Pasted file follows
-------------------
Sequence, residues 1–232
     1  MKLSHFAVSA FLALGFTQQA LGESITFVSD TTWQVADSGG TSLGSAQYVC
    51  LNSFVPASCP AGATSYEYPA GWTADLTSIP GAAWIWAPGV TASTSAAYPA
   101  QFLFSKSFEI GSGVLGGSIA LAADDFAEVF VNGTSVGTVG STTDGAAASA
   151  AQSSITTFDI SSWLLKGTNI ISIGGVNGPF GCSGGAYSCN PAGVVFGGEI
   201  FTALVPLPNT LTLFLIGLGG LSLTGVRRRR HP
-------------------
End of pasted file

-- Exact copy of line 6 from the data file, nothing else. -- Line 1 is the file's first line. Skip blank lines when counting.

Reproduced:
   201  FTALVPLPNT LTLFLIGLGG LSLTGVRRRR HP